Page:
Chapter 11. Exception Handling: Risky Behavior

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Stuff happens. The file isn’t there. The server is down. No matter how good a programmer you are, you can’t control everything. Things can go wrong. Very wrong. When you write a risky method, you need code to handle the bad things that might happen. But how do you know when a method is risky? And where do you put the code to handle the exceptional situation? So far in this book, we haven’t really taken any risks. We’ve certainly had things go wrong at runtime, but the problems were mostly flaws in our own code. Bugs. And those we should fix at development time. No, the problem-handling code we’re talking about here is for code that you can’t guaranatee will work at runtime. Code that expects the file to be in the right directory, the server to be running, or the Thread to stay asleep. And we have to do this now. Because in this chapter, we’re going to build something that uses the risky JavaSound API. We’re going to build a MIDI Music Player.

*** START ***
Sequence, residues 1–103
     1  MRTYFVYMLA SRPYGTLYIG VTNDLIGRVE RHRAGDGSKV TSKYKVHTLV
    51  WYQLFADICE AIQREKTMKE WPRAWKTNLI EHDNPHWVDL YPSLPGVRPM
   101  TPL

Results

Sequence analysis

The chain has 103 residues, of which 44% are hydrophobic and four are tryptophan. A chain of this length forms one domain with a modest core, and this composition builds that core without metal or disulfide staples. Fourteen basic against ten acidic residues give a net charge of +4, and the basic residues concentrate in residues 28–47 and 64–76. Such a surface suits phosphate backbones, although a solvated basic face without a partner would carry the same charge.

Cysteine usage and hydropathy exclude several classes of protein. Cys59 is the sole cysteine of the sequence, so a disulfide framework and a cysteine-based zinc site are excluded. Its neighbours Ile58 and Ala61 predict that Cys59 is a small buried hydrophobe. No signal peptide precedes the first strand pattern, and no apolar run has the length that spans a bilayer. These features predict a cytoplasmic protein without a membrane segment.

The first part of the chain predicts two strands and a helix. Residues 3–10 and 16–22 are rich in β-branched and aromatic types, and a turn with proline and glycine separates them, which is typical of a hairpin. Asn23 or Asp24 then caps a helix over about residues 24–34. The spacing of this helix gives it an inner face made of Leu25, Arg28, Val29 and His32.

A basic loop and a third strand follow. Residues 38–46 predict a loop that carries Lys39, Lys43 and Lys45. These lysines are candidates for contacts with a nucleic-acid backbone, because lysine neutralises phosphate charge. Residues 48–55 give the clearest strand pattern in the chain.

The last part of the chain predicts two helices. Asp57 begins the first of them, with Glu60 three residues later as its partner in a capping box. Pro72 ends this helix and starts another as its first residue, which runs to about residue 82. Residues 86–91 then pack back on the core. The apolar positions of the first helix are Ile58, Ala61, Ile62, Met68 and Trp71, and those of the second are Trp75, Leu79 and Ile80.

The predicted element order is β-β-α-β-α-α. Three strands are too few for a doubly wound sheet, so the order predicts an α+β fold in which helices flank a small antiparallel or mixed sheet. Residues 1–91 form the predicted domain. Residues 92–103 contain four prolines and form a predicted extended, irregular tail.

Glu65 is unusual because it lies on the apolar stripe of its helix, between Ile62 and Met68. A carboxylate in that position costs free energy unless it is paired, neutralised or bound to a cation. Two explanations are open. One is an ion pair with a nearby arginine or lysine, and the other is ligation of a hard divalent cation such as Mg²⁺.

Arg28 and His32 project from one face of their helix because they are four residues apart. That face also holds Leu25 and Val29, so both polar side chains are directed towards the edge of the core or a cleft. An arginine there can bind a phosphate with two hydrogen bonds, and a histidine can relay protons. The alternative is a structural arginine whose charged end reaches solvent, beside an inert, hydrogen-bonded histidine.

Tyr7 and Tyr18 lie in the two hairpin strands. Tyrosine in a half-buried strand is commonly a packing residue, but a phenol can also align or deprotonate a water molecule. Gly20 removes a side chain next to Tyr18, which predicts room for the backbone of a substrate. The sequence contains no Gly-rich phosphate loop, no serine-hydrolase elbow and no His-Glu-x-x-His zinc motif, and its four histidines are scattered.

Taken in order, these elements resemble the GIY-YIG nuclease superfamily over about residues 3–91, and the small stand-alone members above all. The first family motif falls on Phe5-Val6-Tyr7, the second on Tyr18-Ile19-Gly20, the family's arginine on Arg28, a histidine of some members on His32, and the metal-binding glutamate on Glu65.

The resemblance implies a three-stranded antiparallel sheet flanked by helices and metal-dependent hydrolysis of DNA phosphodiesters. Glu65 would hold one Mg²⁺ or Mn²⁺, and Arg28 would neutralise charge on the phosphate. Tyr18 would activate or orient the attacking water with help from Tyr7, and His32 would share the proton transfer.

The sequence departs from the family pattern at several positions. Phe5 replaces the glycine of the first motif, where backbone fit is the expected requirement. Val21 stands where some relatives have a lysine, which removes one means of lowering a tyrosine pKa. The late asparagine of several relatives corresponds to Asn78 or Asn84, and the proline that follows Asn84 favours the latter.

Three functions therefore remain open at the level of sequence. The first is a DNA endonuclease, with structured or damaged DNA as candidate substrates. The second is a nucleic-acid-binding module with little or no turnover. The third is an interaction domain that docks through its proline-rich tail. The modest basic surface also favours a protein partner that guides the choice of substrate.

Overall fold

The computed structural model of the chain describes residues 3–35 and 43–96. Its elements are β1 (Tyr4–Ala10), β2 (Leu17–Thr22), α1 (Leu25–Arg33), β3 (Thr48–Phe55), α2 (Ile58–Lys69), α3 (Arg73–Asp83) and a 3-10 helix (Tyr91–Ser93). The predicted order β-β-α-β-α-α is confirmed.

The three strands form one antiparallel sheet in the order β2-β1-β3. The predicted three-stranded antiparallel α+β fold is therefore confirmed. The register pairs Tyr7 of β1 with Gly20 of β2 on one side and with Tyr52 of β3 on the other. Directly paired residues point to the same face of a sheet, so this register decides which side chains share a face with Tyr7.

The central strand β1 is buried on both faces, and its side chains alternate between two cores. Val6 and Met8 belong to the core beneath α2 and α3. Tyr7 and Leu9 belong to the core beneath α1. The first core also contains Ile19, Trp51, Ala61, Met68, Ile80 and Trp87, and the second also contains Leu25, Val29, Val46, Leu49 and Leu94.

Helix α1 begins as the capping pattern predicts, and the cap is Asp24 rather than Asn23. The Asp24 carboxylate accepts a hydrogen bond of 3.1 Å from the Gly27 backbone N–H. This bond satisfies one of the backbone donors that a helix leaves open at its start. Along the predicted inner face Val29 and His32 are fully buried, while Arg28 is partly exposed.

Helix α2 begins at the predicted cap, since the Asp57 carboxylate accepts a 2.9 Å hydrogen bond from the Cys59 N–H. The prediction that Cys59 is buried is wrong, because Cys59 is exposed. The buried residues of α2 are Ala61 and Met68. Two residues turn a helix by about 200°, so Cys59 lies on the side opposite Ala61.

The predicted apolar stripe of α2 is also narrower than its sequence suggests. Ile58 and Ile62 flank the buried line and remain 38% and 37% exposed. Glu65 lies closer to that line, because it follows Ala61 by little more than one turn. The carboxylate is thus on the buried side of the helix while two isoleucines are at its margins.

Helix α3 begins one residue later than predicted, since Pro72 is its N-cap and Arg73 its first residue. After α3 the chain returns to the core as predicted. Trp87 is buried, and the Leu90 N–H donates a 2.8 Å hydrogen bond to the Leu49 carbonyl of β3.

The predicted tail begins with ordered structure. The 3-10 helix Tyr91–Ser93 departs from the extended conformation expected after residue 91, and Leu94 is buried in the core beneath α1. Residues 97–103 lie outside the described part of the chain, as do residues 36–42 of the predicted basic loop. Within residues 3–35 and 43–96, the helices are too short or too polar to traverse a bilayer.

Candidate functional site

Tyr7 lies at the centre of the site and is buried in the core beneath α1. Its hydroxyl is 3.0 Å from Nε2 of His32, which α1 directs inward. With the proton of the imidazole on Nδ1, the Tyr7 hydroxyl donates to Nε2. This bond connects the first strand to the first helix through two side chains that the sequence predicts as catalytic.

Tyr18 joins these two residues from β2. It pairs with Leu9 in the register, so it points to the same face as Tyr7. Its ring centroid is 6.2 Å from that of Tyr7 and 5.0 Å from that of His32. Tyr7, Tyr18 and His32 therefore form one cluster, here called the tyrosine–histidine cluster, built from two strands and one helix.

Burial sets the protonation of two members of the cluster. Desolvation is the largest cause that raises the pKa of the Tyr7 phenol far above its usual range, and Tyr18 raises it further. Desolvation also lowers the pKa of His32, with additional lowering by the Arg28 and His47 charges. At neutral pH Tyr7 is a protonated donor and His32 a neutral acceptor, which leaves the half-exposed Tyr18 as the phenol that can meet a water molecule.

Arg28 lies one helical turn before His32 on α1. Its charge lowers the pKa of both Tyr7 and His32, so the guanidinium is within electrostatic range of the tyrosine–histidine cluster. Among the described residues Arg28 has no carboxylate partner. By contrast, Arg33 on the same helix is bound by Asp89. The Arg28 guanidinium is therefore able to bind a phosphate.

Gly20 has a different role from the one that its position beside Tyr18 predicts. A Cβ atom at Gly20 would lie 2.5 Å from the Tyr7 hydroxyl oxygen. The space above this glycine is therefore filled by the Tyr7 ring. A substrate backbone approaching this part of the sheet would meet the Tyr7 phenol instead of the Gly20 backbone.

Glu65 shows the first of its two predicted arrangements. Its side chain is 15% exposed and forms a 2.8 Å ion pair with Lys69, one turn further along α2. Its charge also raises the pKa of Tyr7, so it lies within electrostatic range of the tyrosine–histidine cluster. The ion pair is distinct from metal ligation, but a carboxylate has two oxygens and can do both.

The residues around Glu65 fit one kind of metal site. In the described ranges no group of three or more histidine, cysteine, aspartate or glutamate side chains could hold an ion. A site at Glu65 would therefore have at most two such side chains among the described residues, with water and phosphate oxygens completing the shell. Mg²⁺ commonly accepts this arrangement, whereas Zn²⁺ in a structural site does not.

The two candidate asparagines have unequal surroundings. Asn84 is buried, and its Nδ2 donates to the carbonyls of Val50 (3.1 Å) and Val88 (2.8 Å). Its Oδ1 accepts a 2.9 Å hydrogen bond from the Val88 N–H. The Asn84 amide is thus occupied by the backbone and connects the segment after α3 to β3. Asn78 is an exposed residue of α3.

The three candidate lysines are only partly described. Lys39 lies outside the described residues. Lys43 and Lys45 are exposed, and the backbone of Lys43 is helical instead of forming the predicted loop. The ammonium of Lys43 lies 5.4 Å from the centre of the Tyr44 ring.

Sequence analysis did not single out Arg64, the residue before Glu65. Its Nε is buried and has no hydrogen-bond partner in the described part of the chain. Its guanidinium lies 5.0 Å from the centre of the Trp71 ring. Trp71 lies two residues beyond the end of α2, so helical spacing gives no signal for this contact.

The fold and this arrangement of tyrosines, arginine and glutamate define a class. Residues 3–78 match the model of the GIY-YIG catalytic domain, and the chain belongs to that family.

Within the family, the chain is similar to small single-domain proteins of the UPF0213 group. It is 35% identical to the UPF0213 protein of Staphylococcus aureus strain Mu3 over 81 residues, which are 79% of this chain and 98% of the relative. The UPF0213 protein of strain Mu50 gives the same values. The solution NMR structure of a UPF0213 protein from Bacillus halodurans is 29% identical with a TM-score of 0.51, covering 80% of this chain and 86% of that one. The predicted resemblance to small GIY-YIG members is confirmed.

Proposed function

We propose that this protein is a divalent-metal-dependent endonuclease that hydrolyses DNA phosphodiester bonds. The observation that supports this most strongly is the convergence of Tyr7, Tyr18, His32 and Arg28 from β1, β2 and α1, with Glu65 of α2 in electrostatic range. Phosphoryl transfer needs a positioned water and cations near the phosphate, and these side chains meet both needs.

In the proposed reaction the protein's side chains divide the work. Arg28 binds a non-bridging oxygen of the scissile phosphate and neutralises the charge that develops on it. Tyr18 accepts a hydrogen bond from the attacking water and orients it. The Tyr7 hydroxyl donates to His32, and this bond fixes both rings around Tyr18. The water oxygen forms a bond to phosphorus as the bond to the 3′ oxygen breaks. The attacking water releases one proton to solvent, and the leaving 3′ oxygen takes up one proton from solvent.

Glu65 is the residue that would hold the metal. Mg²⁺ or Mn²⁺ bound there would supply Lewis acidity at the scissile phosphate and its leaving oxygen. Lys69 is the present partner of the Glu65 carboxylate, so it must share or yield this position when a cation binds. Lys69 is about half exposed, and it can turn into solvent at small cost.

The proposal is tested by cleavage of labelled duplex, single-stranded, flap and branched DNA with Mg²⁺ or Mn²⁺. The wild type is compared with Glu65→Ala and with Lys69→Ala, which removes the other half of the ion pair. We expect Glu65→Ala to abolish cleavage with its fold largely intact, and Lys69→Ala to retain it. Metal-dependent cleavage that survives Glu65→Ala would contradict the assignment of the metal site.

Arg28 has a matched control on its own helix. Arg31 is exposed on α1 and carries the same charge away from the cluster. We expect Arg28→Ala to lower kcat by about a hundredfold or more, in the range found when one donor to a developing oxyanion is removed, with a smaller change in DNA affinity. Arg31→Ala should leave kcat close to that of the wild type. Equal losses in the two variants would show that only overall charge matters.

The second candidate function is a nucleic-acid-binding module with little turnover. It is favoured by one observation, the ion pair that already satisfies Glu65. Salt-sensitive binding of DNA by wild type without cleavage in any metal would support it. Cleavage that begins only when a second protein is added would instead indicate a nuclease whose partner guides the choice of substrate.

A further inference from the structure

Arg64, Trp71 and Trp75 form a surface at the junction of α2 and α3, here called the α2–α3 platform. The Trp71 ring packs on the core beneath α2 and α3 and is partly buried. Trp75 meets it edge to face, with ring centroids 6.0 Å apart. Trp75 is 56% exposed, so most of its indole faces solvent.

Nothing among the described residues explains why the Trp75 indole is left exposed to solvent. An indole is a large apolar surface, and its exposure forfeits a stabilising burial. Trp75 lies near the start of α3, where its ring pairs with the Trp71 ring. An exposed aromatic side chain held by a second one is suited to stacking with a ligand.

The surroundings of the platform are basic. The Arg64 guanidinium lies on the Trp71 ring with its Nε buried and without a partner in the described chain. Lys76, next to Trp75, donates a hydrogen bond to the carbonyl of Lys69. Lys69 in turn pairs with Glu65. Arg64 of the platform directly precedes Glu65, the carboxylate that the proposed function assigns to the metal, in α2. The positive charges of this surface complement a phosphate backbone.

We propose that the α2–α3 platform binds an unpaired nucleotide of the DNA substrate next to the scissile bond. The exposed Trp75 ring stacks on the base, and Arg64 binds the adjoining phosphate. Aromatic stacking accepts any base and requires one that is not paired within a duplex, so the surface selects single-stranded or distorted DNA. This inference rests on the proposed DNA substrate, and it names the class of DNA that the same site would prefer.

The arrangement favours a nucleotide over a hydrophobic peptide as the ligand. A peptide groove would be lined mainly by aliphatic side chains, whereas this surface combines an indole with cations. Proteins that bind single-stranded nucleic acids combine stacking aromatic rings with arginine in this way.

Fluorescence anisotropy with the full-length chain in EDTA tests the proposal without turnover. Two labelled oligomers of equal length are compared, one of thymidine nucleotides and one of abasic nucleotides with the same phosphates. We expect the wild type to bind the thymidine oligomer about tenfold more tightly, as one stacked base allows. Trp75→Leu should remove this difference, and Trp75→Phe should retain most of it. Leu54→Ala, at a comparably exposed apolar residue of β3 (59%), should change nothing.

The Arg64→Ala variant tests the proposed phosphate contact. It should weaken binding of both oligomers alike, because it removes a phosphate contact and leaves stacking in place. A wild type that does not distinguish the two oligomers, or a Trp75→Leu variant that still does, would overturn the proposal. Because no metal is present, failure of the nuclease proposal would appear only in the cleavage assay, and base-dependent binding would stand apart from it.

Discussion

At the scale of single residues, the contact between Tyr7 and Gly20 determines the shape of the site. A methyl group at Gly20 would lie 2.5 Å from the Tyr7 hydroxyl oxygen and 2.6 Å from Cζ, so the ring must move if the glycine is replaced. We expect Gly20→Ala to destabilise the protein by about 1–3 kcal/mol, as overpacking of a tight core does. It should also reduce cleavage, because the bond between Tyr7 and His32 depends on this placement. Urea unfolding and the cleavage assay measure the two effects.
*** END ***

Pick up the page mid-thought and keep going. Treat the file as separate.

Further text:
Let’s make a Music Machine

Over the next three chapters, we’ll build a few different sound applications, including a BeatBox Drum Machine. In fact, before the book is done, we’ll have a multi-player version so you can send your drum loops to another player, kind of like a chat room. You’re going to write the whole thing, although you can choose to use Ready-bake code for the GUI parts. OK, so not every ...

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